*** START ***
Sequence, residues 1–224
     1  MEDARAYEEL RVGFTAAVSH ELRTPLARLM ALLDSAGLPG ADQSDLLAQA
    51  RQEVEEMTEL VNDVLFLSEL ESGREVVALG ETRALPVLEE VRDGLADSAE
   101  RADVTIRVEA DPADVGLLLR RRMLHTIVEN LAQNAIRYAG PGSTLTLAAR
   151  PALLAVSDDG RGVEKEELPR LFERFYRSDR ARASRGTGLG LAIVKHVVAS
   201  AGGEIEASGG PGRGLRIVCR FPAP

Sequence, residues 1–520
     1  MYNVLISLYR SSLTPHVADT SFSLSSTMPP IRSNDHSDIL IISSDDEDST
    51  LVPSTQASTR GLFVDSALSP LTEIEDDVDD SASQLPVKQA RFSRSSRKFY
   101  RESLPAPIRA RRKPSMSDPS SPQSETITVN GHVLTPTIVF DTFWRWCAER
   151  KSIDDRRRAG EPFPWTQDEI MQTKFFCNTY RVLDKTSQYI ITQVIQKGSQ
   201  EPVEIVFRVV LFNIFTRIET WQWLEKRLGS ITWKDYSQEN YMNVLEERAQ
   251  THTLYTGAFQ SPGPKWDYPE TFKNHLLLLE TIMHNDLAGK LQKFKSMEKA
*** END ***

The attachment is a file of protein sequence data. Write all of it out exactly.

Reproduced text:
Sequence, residues 1–224
     1  MEDARAYEEL RVGFTAAVSH ELRTPLARLM ALLDSAGLPG ADQSDLLAQA
    51  RQEVEEMTEL VNDVLFLSEL ESGREVVALG ETRALPVLEE VRDGLADSAE
   101  RADVTIRVEA DPADVGLLLR RRMLHTIVEN LAQNAIRYAG PGSTLTLAAR
   151  PALLAVSDDG RGVEKEELPR LFERFYRSDR ARASRGTGLG LAIVKHVVAS
   201  AGGEIEASGG PGRGLRIVCR FPAP

Sequence, residues 1–520
     1  MYNVLISLYR SSLTPHVADT SFSLSSTMPP IRSNDHSDIL IISSDDEDST
    51  LVPSTQASTR GLFVDSALSP LTEIEDDVDD SASQLPVKQA RFSRSSRKFY
   101  RESLPAPIRA RRKPSMSDPS SPQSETITVN GHVLTPTIVF DTFWRWCAER
   151  KSIDDRRRAG EPFPWTQDEI MQTKFFCNTY RVLDKTSQYI ITQVIQKGSQ
   201  EPVEIVFRVV LFNIFTRIET WQWLEKRLGS ITWKDYSQEN YMNVLEERAQ
   251  THTLYTGAFQ SPGPKWDYPE TFKNHLLLLE TIMHNDLAGK LQKFKSMEKA